As a result of considerable discussion at the recent American Society for Photogrammetry and Remote Sensing (ASPRS) 2011 Annual Conference in Milwaukee, Wisconsin, the U.S. Geological Survey (USGS) has reversed its original decision to discontinue film camera calibration.
On April 27, 2011, the USGS Land Remote Sensing Program (LRSP) and the Earth Resources Observation and Science (EROS) Center made the original decision to close the USGS Optical Science Laboratory (OSL) when the current supply of glass calibration plates becomes depleted in late 2012. That decision was made due to insufficient funding necessary to procure glass calibration plates and a limited number of responses to a previous USGS-issued Request For Information (RFI) indicating that the film camera mapping market was declining.
Following the announcement of their intent to close the OSL, which was released during the Milwaukee Conference, USGS received significant and intense feedback from numerous ASPRS members, film camera owners, film camera customers and businesses, State Departments of Transportation, and others indicating a strong need to continue film camera calibration services beyond 2012. Additional discussions initiated during the Conference also indicated USGS could make incremental purchases of glass calibration plates over the next two years with existing funding, thus enabling continued operation of the OSL beyond 2012.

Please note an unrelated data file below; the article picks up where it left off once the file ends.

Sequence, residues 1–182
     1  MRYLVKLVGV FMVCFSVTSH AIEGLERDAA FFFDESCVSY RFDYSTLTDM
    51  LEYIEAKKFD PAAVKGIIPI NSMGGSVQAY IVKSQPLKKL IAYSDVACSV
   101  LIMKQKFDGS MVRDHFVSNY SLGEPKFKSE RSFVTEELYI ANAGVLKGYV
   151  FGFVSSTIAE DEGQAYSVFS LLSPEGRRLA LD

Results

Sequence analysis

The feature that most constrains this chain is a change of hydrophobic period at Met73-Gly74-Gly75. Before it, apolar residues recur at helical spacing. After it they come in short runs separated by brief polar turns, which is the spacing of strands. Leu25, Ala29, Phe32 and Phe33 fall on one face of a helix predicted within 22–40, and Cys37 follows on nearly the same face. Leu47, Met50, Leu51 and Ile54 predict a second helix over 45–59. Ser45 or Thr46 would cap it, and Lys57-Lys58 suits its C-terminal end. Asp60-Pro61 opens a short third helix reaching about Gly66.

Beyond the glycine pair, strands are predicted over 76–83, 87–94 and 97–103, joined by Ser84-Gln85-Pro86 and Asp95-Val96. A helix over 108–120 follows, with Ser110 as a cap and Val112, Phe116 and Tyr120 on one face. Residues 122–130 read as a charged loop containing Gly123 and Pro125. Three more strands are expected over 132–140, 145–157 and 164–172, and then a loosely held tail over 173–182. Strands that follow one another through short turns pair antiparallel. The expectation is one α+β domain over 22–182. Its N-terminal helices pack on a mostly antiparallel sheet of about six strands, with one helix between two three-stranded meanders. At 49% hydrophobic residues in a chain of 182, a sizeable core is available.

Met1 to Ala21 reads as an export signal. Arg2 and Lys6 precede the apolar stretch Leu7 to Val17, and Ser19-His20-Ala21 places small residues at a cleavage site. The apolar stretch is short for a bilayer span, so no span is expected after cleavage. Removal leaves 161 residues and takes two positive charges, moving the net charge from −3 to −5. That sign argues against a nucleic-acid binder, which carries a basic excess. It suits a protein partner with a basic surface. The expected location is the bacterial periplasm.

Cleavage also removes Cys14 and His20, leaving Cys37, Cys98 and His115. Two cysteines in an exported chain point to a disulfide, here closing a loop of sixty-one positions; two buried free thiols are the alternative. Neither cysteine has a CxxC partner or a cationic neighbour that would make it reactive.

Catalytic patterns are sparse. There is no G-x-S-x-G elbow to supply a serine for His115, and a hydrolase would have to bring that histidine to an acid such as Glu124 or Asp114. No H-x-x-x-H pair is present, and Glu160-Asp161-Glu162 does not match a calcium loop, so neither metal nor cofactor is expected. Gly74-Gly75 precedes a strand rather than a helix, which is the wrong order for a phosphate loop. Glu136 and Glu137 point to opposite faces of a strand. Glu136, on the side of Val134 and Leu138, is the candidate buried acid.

We are very pleased USGS decided to reverse its decision and, based on discussions with our membership in Milwaukee, will continue to support film camera calibration, said ASPRS Executive Director James R. Plasker. Clearly USGS benefitted from direct communication with the membership, and this decision demonstrates the value of providing a collective community voice on critical issues through ASPRS. Current USGS camera calibration certificates are contractually mandated by numerous organizations and agencies at all levels of government; consequently, those certificates and the services of the USGS OSL are absolutely critical to a significant number of professionals in our community. While we recognize the evolution from analog to digital imaging continues unabated, we applaud USGS for retaining this important service which will allow those using analog cameras to remain compliant with contractual requirements,
USGS will work over the next year to restock the OSL glass calibration plates necessary to keep this important film camera calibration service operational, thus, ensuring the continued use of film mapping cameras to meet government requirements. If you have questions, or desire further information, please contact Mr. Greg Stensaas at email@example.com, or visit the USGS OSL website at: http://calval.cr.usgs.gov/calval_osl/.
Founded in 1934, ASPRS is an international professional organization of 6,000 geospatial data professionals. ASPRS is devoted to advancing knowledge and improving understanding of the mapping sciences to promote responsible application of photogrammetry, remote sensing, geographic information systems and supporting technologies. For additional information about ASPRS, visit our web site at www.asprs.org.